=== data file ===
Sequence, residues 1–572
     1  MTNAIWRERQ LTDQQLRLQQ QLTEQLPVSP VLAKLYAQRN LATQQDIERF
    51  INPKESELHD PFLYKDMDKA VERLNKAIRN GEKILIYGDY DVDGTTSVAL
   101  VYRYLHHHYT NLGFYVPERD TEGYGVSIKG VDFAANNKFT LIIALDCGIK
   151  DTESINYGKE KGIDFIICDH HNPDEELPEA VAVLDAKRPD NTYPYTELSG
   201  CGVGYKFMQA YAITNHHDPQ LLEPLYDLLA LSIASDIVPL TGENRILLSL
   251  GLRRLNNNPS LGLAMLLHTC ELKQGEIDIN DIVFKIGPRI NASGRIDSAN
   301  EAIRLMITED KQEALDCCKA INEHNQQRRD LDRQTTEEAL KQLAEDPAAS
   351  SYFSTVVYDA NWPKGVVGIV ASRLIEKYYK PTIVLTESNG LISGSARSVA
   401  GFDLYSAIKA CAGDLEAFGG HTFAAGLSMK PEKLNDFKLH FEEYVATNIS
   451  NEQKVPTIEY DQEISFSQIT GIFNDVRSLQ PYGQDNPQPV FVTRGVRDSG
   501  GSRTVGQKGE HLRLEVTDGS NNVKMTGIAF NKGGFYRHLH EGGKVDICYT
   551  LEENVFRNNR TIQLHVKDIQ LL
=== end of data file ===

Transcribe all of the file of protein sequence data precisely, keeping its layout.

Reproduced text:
Sequence, residues 1–572
     1  MTNAIWRERQ LTDQQLRLQQ QLTEQLPVSP VLAKLYAQRN LATQQDIERF
    51  INPKESELHD PFLYKDMDKA VERLNKAIRN GEKILIYGDY DVDGTTSVAL
   101  VYRYLHHHYT NLGFYVPERD TEGYGVSIKG VDFAANNKFT LIIALDCGIK
   151  DTESINYGKE KGIDFIICDH HNPDEELPEA VAVLDAKRPD NTYPYTELSG
   201  CGVGYKFMQA YAITNHHDPQ LLEPLYDLLA LSIASDIVPL TGENRILLSL
   251  GLRRLNNNPS LGLAMLLHTC ELKQGEIDIN DIVFKIGPRI NASGRIDSAN
   301  EAIRLMITED KQEALDCCKA INEHNQQRRD LDRQTTEEAL KQLAEDPAAS
   351  SYFSTVVYDA NWPKGVVGIV ASRLIEKYYK PTIVLTESNG LISGSARSVA
   401  GFDLYSAIKA CAGDLEAFGG HTFAAGLSMK PEKLNDFKLH FEEYVATNIS
   451  NEQKVPTIEY DQEISFSQIT GIFNDVRSLQ PYGQDNPQPV FVTRGVRDSG
   501  GSRTVGQKGE HLRLEVTDGS NNVKMTGIAF NKGGFYRHLH EGGKVDICYT
   551  LEENVFRNNR TIQLHVKDIQ LL